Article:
e. What effects would further limitations on such sharing of 
information have on financial institutions and affiliates?
    5. The potential benefits for customers of such sharing of 
information (specific examples, means of assessment, or evidence of 
benefits would be useful):
    a. In what ways does a customer benefit from the sharing of such 
information by a financial institution with its affiliates?
    b. In what ways does a customer benefit from the sharing of such 
information by a financial institution with nonaffiliated third 
parties?
    c. In what ways does a customer benefit when affiliates share 
information they obtained from other affiliates with nonaffiliated 
third parties?
    d. What, if any, alternatives are there to achieve the same or 
similar benefits for customers without such sharing of such 
information?
    e. What effects, positive or negative, would further limitations on 
the sharing of such information have on customers?
    6. The adequacy of existing laws to protect customer privacy:
    a. Do existing privacy laws, such as GLBA privacy regulations and 
the Fair Credit Reporting Act (FCRA), adequately protect the privacy of 
a customer's information? Please explain why or why not.
    b. What, if any, new or revised statutory or regulatory protections 
would be useful to protect customer privacy? Please explain.
    7. The adequacy of financial institution privacy policy and privacy 
rights disclosure under existing law:
    a. Have financial institution privacy notices been adequate in 
light of existing requirements? Please explain why or why not.
    b. What, if any, new or revised requirements would improve how 
financial institutions describe their privacy policies and practices 
and inform customers about their privacy rights? Please explain how any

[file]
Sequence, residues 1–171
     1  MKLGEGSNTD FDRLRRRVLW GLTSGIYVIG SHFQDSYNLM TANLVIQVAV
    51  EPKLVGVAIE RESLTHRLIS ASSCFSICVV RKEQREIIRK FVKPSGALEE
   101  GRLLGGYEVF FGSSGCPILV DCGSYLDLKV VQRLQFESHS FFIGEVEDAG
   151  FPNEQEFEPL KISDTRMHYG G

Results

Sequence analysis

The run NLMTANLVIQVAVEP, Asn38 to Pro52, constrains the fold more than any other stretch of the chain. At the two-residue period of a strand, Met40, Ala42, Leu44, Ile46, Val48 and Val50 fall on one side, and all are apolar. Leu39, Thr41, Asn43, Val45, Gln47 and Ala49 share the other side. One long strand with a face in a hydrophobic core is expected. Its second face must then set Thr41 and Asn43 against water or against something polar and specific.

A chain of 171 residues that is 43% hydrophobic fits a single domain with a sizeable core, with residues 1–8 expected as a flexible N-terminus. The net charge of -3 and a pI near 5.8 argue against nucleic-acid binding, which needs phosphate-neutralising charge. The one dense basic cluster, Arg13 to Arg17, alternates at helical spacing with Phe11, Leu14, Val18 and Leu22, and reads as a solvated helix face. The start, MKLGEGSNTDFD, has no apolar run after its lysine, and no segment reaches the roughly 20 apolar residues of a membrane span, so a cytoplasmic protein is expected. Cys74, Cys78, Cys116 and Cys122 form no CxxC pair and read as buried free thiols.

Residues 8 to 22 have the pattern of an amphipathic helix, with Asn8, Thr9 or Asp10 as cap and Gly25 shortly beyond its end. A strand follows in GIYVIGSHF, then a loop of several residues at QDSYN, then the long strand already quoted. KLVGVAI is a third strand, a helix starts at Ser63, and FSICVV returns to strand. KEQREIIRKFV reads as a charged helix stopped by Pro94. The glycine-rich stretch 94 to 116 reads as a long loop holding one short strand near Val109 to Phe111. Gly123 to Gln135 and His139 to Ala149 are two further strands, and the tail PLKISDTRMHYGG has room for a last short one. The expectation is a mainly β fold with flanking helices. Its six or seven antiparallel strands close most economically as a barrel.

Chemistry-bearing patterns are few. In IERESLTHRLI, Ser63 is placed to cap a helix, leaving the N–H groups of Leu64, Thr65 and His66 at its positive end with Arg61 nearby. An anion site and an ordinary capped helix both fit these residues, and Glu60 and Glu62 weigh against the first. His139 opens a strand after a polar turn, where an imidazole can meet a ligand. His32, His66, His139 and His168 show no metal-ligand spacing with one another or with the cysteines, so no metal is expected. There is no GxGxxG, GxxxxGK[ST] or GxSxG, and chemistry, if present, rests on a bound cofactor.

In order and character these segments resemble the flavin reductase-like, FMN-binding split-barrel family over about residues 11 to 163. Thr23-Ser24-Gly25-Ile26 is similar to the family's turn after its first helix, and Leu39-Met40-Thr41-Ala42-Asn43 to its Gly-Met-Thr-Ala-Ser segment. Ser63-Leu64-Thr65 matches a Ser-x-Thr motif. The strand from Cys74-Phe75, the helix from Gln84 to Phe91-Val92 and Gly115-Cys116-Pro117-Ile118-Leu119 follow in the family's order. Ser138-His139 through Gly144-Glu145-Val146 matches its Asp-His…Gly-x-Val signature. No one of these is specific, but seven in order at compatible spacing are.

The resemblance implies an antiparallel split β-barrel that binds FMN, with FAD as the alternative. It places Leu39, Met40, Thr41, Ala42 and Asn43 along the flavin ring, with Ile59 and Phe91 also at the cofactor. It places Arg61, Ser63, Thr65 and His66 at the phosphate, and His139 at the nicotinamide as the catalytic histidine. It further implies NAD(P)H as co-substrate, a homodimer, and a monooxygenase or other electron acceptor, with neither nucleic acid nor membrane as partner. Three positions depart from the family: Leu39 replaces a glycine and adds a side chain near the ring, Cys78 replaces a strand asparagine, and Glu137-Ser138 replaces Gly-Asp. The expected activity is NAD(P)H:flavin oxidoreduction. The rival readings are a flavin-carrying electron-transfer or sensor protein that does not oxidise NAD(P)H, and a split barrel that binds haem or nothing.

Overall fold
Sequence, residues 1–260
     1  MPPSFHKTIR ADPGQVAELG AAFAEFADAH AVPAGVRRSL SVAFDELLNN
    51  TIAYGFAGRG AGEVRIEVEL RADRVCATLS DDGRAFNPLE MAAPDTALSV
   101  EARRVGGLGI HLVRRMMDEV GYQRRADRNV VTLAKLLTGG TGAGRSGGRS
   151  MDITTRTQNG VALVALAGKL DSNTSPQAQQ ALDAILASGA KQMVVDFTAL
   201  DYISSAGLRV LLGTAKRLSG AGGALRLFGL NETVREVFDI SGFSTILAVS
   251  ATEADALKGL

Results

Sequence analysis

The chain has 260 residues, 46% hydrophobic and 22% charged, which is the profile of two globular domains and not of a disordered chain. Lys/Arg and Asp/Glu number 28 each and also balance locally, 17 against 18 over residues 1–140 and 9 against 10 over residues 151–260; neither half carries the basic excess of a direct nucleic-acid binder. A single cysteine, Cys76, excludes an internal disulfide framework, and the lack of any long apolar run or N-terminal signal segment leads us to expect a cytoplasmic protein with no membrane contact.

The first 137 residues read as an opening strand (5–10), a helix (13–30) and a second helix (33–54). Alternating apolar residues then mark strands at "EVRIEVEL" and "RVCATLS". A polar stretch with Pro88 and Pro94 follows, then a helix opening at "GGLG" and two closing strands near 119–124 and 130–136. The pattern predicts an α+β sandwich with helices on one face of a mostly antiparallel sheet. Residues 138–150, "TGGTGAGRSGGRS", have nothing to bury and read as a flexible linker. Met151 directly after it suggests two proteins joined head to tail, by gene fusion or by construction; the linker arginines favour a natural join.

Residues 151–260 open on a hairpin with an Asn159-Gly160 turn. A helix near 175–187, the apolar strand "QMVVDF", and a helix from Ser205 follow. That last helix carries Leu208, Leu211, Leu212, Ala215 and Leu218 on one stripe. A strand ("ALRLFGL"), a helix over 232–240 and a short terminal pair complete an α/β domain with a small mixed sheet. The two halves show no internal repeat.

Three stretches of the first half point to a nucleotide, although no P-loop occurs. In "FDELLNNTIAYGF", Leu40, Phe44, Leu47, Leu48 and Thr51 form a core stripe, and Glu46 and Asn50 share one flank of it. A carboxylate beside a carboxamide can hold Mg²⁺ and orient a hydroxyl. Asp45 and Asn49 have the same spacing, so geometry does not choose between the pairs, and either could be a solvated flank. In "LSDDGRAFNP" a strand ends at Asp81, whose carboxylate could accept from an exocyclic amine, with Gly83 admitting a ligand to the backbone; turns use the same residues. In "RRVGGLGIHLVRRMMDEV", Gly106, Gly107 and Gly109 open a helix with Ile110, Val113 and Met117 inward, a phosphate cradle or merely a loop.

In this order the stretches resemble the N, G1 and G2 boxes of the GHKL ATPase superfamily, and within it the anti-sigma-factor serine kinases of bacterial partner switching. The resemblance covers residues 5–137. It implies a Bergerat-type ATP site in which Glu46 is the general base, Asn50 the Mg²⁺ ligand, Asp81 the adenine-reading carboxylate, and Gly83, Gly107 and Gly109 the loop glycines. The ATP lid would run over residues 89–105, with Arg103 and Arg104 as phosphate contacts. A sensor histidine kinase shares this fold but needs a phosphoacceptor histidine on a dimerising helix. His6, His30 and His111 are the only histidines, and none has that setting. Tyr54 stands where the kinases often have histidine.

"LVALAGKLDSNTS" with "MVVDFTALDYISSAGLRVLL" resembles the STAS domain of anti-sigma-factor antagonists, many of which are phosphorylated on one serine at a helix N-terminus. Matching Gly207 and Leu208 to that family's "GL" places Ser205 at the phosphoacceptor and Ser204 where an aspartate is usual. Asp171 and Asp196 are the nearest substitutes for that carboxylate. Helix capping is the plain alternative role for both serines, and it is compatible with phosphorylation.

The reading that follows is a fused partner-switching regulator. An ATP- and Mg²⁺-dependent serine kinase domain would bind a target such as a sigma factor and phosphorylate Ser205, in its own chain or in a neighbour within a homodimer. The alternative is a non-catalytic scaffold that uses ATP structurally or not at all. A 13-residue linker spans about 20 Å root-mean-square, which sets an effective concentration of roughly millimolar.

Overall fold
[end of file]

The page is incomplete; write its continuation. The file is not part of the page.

of these new or revised requirements would improve financial 
institutions' notices.
    8. The feasibility of different approaches, including opt-out and 
opt-in, to permit customers to direct that such information not be 
shared with affiliates and nonaffiliated third parties:
    a. Is it feasible to require financial institutions to obtain 
customers' consent (opt in) before sharing information with affiliates 
in some or all circumstances? With nonaffiliated third parties? Please 
explain what effects, both positive and negative, such a requirement 
would have on financial institutions and on consumers.
    b. Under what circumstances would it be appropriate to permit, but 
not require, financial institutions to obtain customers' consent (opt 
in) before sharing information with affiliates as an alternative to a 
required opt out in some or all circumstances? With nonaffiliated third 
parties? What effects, both positive and negative, would such a 
voluntary opt in have on customers and on financial institutions? 
(Please describe any experience of this approach that you may have had, 
including consumer acceptance.)
    c. Is it feasible to require financial institutions to permit 
customers to opt out generally of having their information shared with 
affiliates? \10\ Please explain what effects, both positive and 
negative, such a requirement would have on consumers and on financial 
institutions.
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    \10\ This question seeks views on a general opt out for sharing 
of information with affiliates and represents a broadening of opt-
out provisions for affiliate sharing under the FCRA.
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    d. What, if any, other methods would permit customers to direct 
that information not be shared with affiliates or nonaffiliated third 
parties? Please explain their benefits and drawbacks for customers and 
for financial institutions of each method identified.
    9. The feasibility of restricting sharing of such information for 
specific uses or of permitting customers to direct the uses for which 
such information may be shared:
    a. Describe the circumstances under which or the extent to which 
customers may be able to restrict the sharing of information by 
financial institutions for specific uses or to direct the uses for 
which such information may be shared?
    b. What effects, both positive and negative, would such a policy 
have on financial institutions and on consumers?
    c. Please describe any experience you may have had of this 
approach.

    Dated: February 4, 2002.
Sheila C. Bair,
Assistant Secretary of the Treasury.
[FR Doc. 02-3781 Filed 2-14-02; 8:45 am]